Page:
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Evaluating Patients for LASIK Surgery

By: Phillip J. Calenda, MD – Ophthalmology

Overview

Almost every American from eighteen to eighty years of age has heard enough about LASIK to understand on a basic level what it is and how it works. On average approximately 1,000,000 LASIK procedures are performed annually in the United States. The vast majority of these procedures are successful, but unwanted side effects and/or suboptimal results can occur in a small percentage of patients. Below is a discussion of the essential elements in the pre-operative evaluation of a patient being considered for LASIK.

Patients are typically at least eighteen years old and suffer from nearsightedness (myopia), farsightedness (hyperopia), and/or astigmatism. Their eyeglass prescription must be stable prior to surgery. The generally accepted guideline for stability is a change of 0.75 or less in any component of the prescription over the last year.  So, if one year ago a patient wore –2.00 glasses and today they are using –2.75 or less their prescription is considered stable. Conversely, a prescription that changed from –4.00 twelve months ago to –5.00 today is not considered stable. A patient with such a prescription should be rechecked in the future for stability of their prescription.

Surgical Requirements, Contra-Indications and Process

A patient’s eyes need to be healthy to undergo LASIK surgery.  What exactly does this mean?  That recent case of conjunctivitis from wearing contact lenses overnight will need to clear up before surgery.  More serious issues such as the degenerative corneal disease keratoconus, which affects about 1 in 2,000 people, make patients ineligible for surgery.  Lesser conditions, such as the presence of dry eyes, pinguecula (excessive growth of tissue on the white part of the eye), or pterygiums (growth of the white part of the eye onto the cornea) do not necessarily make patients ineligible for LASIK surgery.  Some patients with retinal conditions; mild, well-controlled glaucoma; and other ocular abnormalities may need to be evaluated by another ophthalmologist and cleared for surgery.  In any case, the general ocular health and specifically the health of the patient’s cornea, the part of the eye contact lenses rest on and LASIK surgery is performed on, will be thoroughly tested prior to surgery.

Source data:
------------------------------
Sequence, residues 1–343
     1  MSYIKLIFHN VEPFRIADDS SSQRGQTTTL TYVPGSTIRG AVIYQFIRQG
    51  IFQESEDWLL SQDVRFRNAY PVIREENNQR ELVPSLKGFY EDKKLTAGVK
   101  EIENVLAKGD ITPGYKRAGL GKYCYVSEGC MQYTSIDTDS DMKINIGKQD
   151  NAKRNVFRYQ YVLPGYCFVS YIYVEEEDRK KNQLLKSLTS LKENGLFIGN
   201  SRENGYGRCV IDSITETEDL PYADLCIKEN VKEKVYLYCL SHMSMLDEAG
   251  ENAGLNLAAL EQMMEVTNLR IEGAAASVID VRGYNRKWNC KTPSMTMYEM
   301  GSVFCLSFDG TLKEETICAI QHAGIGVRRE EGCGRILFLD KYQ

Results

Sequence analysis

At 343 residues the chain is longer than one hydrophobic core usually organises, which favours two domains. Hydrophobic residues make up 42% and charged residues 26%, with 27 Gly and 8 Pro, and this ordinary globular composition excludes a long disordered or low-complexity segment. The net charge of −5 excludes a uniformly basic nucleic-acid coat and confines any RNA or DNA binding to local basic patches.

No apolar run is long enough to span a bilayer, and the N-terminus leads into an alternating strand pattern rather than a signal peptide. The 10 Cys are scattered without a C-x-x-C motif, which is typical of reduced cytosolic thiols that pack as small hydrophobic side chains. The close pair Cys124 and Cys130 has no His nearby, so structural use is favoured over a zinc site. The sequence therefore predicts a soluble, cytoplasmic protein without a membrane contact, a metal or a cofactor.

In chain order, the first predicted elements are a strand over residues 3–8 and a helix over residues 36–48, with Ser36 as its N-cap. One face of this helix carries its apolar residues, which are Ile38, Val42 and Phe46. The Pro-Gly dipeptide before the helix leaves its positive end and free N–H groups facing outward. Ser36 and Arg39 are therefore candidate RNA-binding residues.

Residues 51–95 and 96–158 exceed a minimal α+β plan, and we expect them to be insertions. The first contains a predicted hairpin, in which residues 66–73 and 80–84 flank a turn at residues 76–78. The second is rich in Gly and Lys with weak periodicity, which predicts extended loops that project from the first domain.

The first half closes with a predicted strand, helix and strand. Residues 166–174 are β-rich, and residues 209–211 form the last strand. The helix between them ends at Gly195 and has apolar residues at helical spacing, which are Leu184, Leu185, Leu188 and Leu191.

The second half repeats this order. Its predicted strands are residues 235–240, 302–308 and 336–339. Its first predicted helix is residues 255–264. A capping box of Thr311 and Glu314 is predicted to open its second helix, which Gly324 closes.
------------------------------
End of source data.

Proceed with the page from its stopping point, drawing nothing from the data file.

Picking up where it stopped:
Measurements of the size, curvature, and thickness of the cornea, the pupil size in dim lighting, the intraocular pressure, and the ideal eyeglass prescription will be taken.  A dilated examination will be performed to check for the presence of cataracts, retinal and other disorders, and to confirm the patient’s optimal eyeglass prescription.  Scans are often done to assess if a patient would benefit from so called “custom” treatment.  Such treatments evaluate the patient’s prescription in a way that goes beyond an eyeglass or contact lens prescription.  In some cases custom treatment can offer patients better quantitative and qualitative vision than so called traditional LASIK.  Patients should be aware that a period of abstinence from soft contact lenses is required prior to surgery to insure the most accurate measurements are obtained.

A listing of any medical problems, medications, and allergies a patient has is obtained.  Some medical conditions, such as diabetes, can affect how a person responds to LASIK, how quickly they heal, and how likely the patient is to suffer prolonged side effects from the procedure.  The same holds true for certain medications, including anti-depressive and antihistamine medicines.  Any unusual healing tendencies are noted, such as a history of keloids, that is, exuberant scar formation after injury or surgery.  Finally, a thorough discussion of the patient’s expectations and their understanding of the risks and benefits of the procedure is undertaken.

Improvements in diagnostic equipment, such as more advanced corneal topography systems, and safer and more sophisticated lasers have greatly reduced the incidence of poor outcomes in patients.  Permanent, bothersome glare and halos is much less likely to occur after LASIK treatment today compared to such treatments ten years ago.  Femtosecond lasers to create the flaps in LASIK surgery offer an added level of safety and predictability compared to earlier generations of mechanical devices (microkeratomes) that were used in flap creation.  Finally, newer medications, such as Restasis, have aided in controlling dry eyes and inflammation post-operatively in patients, improving patient comfort and outcomes.

A thorough pre-operative assessment, meticulous surgical technique, and careful monitoring of patients post-operatively go a long way towards maximizing patient outcomes and satisfaction.

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